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2009 Offseason Checklist, Part 2: Draft, Sign or Trade for a Starting Capable Defensive Tackle

It's been awhile so I'll refresh your memory: Seattle was awful in 2006. Playing one of the top five easiest schedules in the league, Seattle was outscored by its opponents. Only luck and the golden foot of Josh Brown pushed Seattle into the playoffs, and only luck and the bumbling of Tony Romo kept them from a first round exit. The offense was injured all over and never properly replaced left guard Steve Hutchins, but the defense was healthy. Outside safety, only Chartric Darby started fewer than fifteen games, starting fourteen, and didn't miss time due to injury, but lack of injury. The two games Darby started on the sideline were the two games Marcus Tubbs started. Tubbs was fresh off a season he looked every bit the defensive tackle we now see in Albert Haynesworth, and the surrounding front seven - small, fast, smart and full of hustle - thrived around its giant keystone talent.

Tubbs will never start again in the NFL. Seattle unearthed a gem in the 2007 draft, drafting defensive tackle Brandon Mebane in the third round. Like too many deserving talents, Mebane sat behind a nearly useless veteran, Darby, and started only after a fortuitous injury. Mebane became that rare talent that consistently forced double teams, and could get after the quarterback. Seattle's defense took off after his arrival.

With Rocky Bernard likely lost to free agency, Seattle faces starting Craig Terrill at left defensive tackle. Terrill is cheap, nearing 29, and a good situational one-gap tackle that is too slight and too weak to be useful on most downs. Inevitably, teams will simply run at Terrill, and as lead blockers breach the second level, Seattle's exceptional group of linebackers, each capable of exploding into a ball carrier from almost any point on the field to almost any point on the field, will be blocked into the turf and made spectators to their own humiliation. Deon Grant and Brian Russell won't stop the mayhem and like those 2006 Seahawks, rushing yards will come in bunches. For all its talent, the defense will fold against power rushing.

Seattle needs someone who can start at left defensive tackle. It drafted Red Bryant in 2008, but Bryant looked awful at times at Texas A&M and in the preseason, and missed all but four games because of injury. High ankle sprains can be reoccurring and his knee injury wasn't his first. It's far too early to give up on the very talented Bryant, especially entering a season the Seahawks should not expect to compete, but it's unwise to count on him either. Regardless of Bryant's health, Seattle needs another defensive tackle in its rotation and an upgrade on the large, slow, but anything but stout Howard Green.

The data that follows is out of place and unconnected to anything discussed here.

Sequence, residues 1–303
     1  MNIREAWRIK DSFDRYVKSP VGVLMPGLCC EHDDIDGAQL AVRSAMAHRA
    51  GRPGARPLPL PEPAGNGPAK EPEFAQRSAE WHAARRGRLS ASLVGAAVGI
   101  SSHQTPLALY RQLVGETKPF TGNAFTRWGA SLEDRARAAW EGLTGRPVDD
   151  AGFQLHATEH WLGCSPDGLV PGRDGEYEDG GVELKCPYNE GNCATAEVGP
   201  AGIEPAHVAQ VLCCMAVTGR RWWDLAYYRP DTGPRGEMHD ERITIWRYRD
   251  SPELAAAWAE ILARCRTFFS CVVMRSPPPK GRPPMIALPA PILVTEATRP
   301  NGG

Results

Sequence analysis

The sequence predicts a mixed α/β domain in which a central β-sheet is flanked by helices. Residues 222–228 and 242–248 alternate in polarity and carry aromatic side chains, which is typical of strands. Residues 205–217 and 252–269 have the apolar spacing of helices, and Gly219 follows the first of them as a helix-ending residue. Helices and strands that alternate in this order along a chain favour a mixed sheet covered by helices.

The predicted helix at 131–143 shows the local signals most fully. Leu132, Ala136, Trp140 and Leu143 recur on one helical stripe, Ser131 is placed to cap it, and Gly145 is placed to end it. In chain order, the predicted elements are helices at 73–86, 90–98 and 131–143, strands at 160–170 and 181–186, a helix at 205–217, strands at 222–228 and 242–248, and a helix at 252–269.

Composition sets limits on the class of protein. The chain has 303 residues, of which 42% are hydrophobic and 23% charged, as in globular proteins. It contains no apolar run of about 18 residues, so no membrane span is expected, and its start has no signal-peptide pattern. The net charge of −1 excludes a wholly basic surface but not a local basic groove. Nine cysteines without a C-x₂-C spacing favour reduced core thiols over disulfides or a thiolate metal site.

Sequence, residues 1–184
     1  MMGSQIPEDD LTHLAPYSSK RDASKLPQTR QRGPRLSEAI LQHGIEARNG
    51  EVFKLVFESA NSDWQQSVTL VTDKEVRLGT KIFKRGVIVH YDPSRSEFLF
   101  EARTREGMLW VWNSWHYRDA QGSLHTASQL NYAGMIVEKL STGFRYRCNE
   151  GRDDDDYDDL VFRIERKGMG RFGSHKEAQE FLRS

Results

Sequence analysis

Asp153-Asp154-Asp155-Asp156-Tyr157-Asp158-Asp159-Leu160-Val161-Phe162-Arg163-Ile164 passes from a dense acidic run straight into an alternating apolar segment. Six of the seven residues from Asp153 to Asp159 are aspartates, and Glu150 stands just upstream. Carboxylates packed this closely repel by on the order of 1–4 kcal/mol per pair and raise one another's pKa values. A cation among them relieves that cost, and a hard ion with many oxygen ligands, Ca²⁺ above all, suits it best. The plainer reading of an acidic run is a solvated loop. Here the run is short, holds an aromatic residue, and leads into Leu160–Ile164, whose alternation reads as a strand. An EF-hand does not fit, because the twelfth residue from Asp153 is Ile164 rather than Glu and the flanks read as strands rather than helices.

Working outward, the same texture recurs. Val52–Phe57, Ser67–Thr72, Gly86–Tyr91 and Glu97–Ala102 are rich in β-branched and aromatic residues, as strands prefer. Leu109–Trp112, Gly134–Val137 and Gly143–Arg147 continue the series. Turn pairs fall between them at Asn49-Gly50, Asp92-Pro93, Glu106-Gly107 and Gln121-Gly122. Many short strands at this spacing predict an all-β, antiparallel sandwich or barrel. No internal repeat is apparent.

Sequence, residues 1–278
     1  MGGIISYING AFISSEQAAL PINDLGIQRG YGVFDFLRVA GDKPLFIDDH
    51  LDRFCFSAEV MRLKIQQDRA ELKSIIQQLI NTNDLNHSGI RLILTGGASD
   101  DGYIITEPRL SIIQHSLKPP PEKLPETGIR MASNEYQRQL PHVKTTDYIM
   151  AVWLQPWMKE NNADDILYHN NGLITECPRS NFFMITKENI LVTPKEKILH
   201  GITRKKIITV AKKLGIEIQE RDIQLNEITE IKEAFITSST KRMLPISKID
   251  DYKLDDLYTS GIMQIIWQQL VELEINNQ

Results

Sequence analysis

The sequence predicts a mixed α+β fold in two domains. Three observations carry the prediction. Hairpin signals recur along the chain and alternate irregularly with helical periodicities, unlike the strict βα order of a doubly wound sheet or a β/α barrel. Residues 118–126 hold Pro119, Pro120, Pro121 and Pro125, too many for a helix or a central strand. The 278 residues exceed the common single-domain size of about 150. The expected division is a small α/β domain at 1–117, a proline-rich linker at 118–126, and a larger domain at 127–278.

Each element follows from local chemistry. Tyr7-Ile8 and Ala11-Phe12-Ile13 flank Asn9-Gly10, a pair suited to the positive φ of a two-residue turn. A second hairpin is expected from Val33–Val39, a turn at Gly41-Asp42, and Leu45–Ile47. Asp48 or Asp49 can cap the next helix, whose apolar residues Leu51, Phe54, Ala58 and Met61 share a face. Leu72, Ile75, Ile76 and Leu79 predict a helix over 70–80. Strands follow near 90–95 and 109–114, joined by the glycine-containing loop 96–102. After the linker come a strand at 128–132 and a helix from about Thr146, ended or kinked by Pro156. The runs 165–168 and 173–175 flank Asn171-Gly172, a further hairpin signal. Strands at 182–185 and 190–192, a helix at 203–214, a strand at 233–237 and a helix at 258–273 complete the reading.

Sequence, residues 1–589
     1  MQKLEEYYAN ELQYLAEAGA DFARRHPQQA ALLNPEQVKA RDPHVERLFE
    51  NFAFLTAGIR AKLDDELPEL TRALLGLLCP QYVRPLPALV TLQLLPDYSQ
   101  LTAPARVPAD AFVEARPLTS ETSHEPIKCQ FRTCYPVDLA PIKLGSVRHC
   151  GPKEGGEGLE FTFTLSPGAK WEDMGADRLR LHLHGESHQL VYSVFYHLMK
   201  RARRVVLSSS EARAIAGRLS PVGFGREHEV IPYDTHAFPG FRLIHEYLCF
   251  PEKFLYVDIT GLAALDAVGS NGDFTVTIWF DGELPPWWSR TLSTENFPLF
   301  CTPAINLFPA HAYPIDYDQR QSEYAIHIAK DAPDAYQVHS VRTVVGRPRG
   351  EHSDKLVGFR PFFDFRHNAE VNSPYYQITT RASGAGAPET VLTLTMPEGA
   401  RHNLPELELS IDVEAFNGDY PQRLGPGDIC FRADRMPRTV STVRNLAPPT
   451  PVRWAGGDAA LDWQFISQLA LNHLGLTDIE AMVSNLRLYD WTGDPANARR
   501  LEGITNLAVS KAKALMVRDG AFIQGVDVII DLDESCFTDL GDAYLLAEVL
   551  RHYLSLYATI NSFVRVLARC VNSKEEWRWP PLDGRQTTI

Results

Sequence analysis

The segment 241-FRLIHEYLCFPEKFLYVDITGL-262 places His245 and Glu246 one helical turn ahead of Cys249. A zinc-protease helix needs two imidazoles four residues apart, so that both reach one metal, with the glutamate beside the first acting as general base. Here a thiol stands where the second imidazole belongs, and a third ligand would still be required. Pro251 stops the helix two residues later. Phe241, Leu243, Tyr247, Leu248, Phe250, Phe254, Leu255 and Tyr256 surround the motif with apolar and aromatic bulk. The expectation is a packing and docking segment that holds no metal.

Seattle could add talent through the draft. B.J. Raji is a huge reach at four and does not fit Seattle's preferred player profile. Peria Jerry will be 25 before his first season in the NFL, meaning he was very old for his level. Jerry also slots somewhere between Seattle's early first and early second round picks. Sen'Derrick Marks disappointed in 2008, but is more than three full years younger than Jerry. Marks must overcome questions about his work ethic, but is the most complete run/pass defensive tackle in the draft. He's an exciting athlete and potentially the best value in the draft, but not likely a day one contributor and not "starting capable". Ziggy Hood splits the difference between Jerry and Marks, as young as Marks, but as accomplished as Jerry. Hood is a straight line guy. He bursts off the snap, shows impressive hand fight techniques, but is easily eluded by lateral moves. That may not be a problem on a Seahawks team replete with quick, agile defenders in its front seven. Should Hood reach his potential, he'd present a matchup nightmare alongside Mebane. Two tackles requiring double teams, each capable of aborting run plays or sacking the quarterback if single blocked.

The alternative is signing a free agent retread. Shaun Cody should be very cheap, but his struggles are real and one wonders if he's really more valuable than a no-name toiling on another team's practice squad. Albert Haynesworth is mega-expensive and explosively violent. It's possible Seattle simply can't afford him and probable Ruskell wants nothing to do with him. Jovan Haye is a very good one-gap tackle that could function as a situational end, but isn't stout against run and presents many of the same problems as Terrill. Chris Canty is mega-expensive (or thinks he should be) and better suited for a 3-4. Haye or Cody makes the most sense. Either could start and neither buries Bryant if he breaks out. Hood and Marks are the most exciting.